We’ve established a little tradition for Christmas: we include a story, ideally to be read by candlelight huddled beside the stove just at the turning of the shortest days. Last year Finola wrote of childhood memories – Christmas in Dublin; the year before that I penned a version of a haunting Irish folk-tale. This year it’s my turn again, and I’m including a story which is based largely on events which really happened many years ago in the small Devon village where I lived. They bring to mind our own stormy winter which we survived earlier this year here in Nead an Iolair…
Kathleen by Robert
Kathleen was a large woman alright. If you saw her in the field, there was no mistaking her profile: she always wore two coats, one on top of the other, and at the bottom they flared out like a church bell. I never saw her without her great legs jammed into a pair of old wellington boots – except in chapel of a Sunday – and on her head was the same shapeless piece of faded red knitting, year after year after year.
Kathleen became a neighbour of ours soon after Mr Monihan’s passing. – And there was a strange thing, too. I never heard it from Kathleen’s mouth direct – but then I never heard her deny it either – but everyone in the village was sure enough of the story. He had been a smallish man, I suppose; certainly, he was small by comparison with Kathleen. They shared the marriage bed late in life, for he’d taken herself – a confirmed spinster – as his second wife long after his own children were out in the world.
Well, it was about two years into the union that Kathleen first noticed her husband’s night wanderings. She would wake in the morning – so the story goes – and find him cold and shivering beside her, with the smell of the sea all around. Time and again this happened, and because he would say nothing about it, she determined to find out what was going on. A certain night they went to bed as usual; she lay quiet but kept herself awake by repeating the Our Father over and over into the bolster. It came to the deepest part of the night, and Mr Monihan seemed to be peacefully asleep, while Kathleen was feeling very tired and wondering what she was about. Suddenly, he started up, crept across the room to the door, and in a minute was out of the cottage. He had paused only to put on his old black cape that always hung on the peg. Just as quickly, Kathleen was out too, but she was careful to keep hidden away behind him. Down the hill they went, through the sleeping village and out on to the beach, he walking so fast that she had some difficulty in keeping him in her sights. Eventually, she lost him altogether in the rocks over by where the cliffs start. She searched for an hour and then gave up, returning crossly to her bed.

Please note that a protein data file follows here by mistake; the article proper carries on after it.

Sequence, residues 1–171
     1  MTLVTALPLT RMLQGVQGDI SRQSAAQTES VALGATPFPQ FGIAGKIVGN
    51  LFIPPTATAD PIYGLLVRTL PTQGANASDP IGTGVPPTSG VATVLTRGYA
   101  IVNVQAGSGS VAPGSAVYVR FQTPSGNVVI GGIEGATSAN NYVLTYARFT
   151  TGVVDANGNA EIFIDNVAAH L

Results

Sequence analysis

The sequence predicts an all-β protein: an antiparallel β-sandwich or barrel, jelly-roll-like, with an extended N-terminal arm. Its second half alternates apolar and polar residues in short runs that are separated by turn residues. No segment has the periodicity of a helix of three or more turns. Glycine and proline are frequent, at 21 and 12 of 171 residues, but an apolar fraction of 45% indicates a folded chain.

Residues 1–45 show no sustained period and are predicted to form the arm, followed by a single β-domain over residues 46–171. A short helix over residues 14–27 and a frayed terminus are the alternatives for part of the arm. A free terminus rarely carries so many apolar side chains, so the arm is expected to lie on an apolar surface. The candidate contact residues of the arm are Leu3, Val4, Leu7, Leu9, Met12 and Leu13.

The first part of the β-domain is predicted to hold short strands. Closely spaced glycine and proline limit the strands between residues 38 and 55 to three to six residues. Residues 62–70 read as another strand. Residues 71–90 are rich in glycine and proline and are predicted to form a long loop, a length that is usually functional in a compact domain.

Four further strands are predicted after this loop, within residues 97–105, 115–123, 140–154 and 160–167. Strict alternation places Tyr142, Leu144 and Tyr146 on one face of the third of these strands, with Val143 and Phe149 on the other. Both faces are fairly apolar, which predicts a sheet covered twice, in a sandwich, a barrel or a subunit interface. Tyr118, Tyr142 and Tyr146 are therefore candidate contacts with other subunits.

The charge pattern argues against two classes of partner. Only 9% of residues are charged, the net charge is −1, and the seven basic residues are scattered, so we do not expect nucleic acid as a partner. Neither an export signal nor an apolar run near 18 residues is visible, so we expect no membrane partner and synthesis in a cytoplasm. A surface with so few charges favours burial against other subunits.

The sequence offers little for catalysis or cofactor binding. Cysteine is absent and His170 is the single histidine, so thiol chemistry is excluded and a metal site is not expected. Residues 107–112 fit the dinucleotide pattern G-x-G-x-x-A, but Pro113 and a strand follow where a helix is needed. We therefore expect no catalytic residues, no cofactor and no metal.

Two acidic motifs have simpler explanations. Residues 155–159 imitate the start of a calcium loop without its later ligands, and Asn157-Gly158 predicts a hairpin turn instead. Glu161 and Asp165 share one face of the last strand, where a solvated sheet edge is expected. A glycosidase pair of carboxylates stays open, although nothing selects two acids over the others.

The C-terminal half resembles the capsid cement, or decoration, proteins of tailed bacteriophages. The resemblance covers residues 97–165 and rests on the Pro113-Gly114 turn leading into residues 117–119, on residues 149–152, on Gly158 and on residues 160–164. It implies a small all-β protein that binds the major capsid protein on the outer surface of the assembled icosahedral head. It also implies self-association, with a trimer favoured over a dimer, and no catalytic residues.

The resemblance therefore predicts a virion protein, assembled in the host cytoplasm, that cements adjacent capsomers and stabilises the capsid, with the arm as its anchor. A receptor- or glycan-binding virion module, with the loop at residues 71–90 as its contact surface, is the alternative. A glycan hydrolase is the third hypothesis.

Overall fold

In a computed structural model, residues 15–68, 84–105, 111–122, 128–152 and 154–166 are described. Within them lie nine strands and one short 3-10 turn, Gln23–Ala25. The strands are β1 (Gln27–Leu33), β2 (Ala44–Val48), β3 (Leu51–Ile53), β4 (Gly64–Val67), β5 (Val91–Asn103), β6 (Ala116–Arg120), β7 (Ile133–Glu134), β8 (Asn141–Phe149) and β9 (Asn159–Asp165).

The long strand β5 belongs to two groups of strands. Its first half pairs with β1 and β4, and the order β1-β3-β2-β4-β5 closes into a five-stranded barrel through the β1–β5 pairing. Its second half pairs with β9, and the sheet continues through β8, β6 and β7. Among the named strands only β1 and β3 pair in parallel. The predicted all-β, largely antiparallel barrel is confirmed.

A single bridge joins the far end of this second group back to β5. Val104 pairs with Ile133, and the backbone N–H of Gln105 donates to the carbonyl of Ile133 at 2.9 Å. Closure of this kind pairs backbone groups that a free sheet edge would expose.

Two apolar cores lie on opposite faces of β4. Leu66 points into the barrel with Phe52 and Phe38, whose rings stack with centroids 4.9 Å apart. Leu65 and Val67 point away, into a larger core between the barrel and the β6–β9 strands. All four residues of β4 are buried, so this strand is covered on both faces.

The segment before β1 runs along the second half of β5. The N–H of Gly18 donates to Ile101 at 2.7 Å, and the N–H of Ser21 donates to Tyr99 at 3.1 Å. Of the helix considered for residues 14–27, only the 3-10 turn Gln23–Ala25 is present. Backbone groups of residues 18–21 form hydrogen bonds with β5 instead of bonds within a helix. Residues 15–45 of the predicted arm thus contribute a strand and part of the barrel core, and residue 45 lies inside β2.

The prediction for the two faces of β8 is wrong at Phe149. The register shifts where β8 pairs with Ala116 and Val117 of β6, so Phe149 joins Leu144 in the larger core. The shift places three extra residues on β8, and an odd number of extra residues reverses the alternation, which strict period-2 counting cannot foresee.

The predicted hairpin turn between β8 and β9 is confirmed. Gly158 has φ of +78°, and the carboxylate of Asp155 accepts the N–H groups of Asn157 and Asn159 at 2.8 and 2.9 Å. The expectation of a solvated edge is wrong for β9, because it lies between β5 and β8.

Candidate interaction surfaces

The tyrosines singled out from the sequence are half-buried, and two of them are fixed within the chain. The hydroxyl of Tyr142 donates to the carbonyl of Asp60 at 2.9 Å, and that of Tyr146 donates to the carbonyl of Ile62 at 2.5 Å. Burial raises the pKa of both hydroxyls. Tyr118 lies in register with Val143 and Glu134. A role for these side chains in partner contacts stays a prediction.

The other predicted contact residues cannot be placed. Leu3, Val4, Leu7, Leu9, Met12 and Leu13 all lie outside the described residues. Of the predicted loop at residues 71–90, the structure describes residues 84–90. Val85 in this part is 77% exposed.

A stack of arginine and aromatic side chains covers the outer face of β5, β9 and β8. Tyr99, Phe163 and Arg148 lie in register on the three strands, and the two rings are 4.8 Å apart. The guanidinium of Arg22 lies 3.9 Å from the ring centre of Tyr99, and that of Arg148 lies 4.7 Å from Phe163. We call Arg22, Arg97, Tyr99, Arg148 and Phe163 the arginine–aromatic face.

In the morning he was back again, but cold and shivering as usual. Kathleen went over to the peg by the door and felt his cape: it was streaming wet, and flecks of sea-foam still clung to it.
Of course, Kathleen confronted him with the story and wanted to know what it all meant. He just shrugged and claimed to know nothing of it; as far as he was concerned, he had slept all night in his bed and woke up in the morning as cold as any old man would be. So there was a pretty poor state of affairs for Kathleen. But she accepted it in the end, as we all accept the mysteries in our lives. She did try to follow him again, but had no more success than before. She closed her mind to it and denied its happening, even to herself.
A while after, he was gone altogether, and his black cape with him. She waited a day and a night, then went down to the rocks to search for him. He was never found, and everyone accepted that he was drowned while in pursuit of his trade, which was kelping.
After that Kathleen moved up the hill into the little thatched cottage across the lane from us, and took up the kelping herself. I would often meet her coming across the sand of an evening, the great dripping net slung over her back and she bent with the weight of it. Yet I never heard her complain, and she a widow so soon.
She was not companionless for long. One of her husband’s daughters who lived away in the city with a family of her own fell on difficult times and sent her own son to stay with Kathleen. This was a weak looking boy of about fifteen years old. The arrangement was meant to help Kathleen as well as the mother, but I never once saw him lift a kelp net, and doubted if he was even able. Instead, he followed her around like a dog, and seemed more of a worry to her than ever her widowhood had been.
What happened after was only learnt by the villagers in the course of time, and much of it hearsay in any case, as Kathleen always kept herself to herself. She must have been aware of the stories that went about but was never known to confirm any aspect of them. On the other hand, she never uttered against them, so they are probably worth the telling. I saw little enough of the events myself, although I was aware at the time that Kathleen was in some way troubled.
It was late in the year; nights were long. The cottage had only one bedroom – Kathleen’s – and the boy slept on a settle in the kitchen. On our wild coastline, dawn is hailed not by a cock’s crow, but by the first wailing of sea birds that collect in huddled crowds over the off-shore rocks. One of these winter mornings Kathleen was just stirring herself when she was startled to find the boy standing by her bed. He had thought that she called him – somebody or something had called him – so he came from his place on the settle to see what was wanted. She paid little enough heed of it the once, but when it happened again a second and a third night, well – then she started to worry. On the fourth she stayed up, sitting herself in a hard chair by the embers of the hearth so that the discomfort of it would keep her awake. She kept the Good Book beside her. She was determined to wait the night out, but drowsiness overtook her and she suddenly awoke in the early hours to find the boy had sat bolt upright and was staring sharp at the cottage door. He seemed not to hear her when she spoke but eventually came to, like one shaken out of a dream, and told her that – again – there had been the voice crying to him in the night. She made light of it, and convinced him it was no more than the wind and the sea, but inside herself she knew there was something else.